pany, redy and quick of audswer, neither mute nor ful of hable; “ sometimes taunting without displeasure, and not without disport. $ The king would say, That he had three concubines, which in three “ divers properties diversly excelled. One the merriešt," &c. “ the 6. meriest was the Shoris wife, in whom the king therefore toke 66 special pleasure."

Percy, vol. II. p. 256. 3d. Edn.

That cheerful heart, which us’d to dance for ever,
And cast a day of gladness all around thee?

J. Sho. Yes, I will own I merit the reproach;
And for those foolish days of wanton pride,
My soul is justly humbled to the dust:
All tongues, like yours, are licens'd to upbraid me,
Still to repeat my guilt, to urge my infamy,
And treat me like that abject thing I have been.
Yet, Heaven, be witness to this solemn truth,
That now, tho’ late, I look with horror back,
That I detest my wretched self, and curse
My past polluted life. All-judging Heav'n,
Who knows my crimes, has seen my sorrow for them.

Hast. No more of this dull stuff. 'Tis time enough
To whine and mortify thyself with penance,
When gone the lustre of thy starry eyes,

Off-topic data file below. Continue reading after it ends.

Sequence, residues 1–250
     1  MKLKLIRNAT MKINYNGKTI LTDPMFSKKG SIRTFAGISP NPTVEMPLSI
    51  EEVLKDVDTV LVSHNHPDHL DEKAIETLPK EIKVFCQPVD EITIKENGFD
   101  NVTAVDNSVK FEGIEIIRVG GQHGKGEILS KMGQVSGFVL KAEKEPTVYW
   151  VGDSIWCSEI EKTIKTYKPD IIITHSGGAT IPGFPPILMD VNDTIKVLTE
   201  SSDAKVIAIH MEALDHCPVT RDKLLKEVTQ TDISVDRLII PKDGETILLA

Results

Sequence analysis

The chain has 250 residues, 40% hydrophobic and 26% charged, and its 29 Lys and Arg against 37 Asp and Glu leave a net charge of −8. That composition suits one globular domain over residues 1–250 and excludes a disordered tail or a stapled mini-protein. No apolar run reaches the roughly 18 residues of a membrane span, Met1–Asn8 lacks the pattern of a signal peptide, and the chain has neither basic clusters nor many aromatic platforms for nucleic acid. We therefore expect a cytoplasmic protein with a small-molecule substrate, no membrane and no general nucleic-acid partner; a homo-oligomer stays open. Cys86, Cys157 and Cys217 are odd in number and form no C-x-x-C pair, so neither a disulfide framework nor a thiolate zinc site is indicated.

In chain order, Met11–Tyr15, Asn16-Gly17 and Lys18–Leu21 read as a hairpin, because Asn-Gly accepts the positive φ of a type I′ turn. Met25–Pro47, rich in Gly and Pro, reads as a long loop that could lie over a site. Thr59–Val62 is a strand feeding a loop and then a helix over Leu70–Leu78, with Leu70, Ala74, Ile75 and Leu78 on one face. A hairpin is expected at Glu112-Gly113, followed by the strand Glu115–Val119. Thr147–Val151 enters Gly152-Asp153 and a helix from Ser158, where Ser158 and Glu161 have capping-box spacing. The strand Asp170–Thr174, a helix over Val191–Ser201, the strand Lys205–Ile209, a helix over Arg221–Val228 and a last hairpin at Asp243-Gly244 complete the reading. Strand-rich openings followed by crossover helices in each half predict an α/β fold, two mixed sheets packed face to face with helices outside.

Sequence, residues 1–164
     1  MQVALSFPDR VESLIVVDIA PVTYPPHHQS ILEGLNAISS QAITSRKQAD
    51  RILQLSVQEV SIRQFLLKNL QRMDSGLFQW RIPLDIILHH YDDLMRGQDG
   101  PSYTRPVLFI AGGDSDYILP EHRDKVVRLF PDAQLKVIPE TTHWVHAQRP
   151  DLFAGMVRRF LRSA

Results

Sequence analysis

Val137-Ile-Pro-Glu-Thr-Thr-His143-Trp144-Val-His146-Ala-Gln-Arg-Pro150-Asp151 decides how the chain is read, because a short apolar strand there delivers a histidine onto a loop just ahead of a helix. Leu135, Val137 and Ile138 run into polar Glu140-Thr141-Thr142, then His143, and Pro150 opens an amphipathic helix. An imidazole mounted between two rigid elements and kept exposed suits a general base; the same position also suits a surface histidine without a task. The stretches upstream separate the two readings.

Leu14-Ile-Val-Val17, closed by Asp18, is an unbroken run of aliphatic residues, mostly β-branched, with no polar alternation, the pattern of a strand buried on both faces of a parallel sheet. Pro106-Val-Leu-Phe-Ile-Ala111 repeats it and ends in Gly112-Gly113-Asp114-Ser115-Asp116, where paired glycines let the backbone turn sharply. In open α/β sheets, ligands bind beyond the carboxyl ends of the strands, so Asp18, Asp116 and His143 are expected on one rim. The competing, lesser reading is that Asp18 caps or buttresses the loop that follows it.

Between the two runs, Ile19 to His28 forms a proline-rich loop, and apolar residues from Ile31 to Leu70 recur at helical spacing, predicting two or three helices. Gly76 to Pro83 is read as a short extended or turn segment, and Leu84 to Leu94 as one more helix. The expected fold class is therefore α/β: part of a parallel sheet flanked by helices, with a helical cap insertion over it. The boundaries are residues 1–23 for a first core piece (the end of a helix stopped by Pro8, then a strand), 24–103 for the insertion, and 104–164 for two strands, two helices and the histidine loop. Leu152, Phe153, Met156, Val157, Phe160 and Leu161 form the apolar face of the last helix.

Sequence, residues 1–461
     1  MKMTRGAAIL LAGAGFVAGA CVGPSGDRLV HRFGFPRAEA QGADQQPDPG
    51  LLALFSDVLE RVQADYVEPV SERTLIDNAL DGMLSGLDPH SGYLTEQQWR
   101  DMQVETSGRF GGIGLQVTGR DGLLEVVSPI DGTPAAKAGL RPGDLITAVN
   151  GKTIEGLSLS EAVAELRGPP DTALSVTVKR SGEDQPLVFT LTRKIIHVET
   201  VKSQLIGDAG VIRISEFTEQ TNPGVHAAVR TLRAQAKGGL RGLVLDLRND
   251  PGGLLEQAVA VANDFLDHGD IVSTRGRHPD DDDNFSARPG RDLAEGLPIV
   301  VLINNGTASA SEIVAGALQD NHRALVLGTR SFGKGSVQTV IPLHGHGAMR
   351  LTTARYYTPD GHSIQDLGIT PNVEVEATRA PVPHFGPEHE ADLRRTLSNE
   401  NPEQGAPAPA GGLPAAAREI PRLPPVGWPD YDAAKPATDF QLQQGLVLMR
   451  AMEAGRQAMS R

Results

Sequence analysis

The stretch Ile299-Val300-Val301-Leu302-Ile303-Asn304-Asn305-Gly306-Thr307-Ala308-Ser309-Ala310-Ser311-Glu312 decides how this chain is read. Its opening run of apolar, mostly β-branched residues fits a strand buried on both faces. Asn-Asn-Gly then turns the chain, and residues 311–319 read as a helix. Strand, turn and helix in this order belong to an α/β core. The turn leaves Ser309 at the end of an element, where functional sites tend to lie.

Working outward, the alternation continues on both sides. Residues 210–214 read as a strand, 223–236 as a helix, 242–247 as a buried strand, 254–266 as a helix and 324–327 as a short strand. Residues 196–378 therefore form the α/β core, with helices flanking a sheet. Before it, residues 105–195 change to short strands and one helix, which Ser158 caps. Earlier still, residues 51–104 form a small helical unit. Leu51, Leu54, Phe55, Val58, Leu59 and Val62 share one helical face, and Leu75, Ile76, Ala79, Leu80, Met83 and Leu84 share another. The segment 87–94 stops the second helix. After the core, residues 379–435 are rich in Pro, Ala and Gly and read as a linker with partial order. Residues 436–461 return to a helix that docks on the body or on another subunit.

And failing palsies shake thy wither'd hand.

J. Sho. Never!
My soul shall never know pollution more;
Forbear, my Lord!

Here let me rather die,

[Kneeling. And end my sorrows and my shame for ever.

Hast. Away with this perverseness,—'tis too much. With one who knows you too.

J. Sho. For mercy's sake

Hast. Ungrateful woman! Is it thus you pay My services?

J. Sho. Abandon me to ruinRather than urge me

Hast. This way.

J. Sho. Help! Oh gracious Hear'n! Help! Save me! Help!

[Crying out.* Enter DUMONT, he interposes. Dum. My Lord! for honour's sakeHast. Ha! what art thou? Be gone! Dum. My duty calls me my attendance on my mistress here.

To

* As this play is now acted, Jane Shore goes of the stage at this place, and returns as soon as Hastings is gone.

« PreviousContinue »